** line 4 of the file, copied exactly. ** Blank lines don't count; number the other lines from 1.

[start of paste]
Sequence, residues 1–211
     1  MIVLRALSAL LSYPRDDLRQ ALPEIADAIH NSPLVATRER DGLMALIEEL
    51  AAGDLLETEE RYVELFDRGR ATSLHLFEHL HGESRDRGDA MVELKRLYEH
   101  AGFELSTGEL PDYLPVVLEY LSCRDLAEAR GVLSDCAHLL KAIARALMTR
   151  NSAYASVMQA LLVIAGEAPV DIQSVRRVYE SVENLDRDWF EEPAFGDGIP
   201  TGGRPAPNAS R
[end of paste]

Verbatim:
   101  AGFELSTGEL PDYLPVVLEY LSCRDLAEAR GVLSDCAHLL KAIARALMTR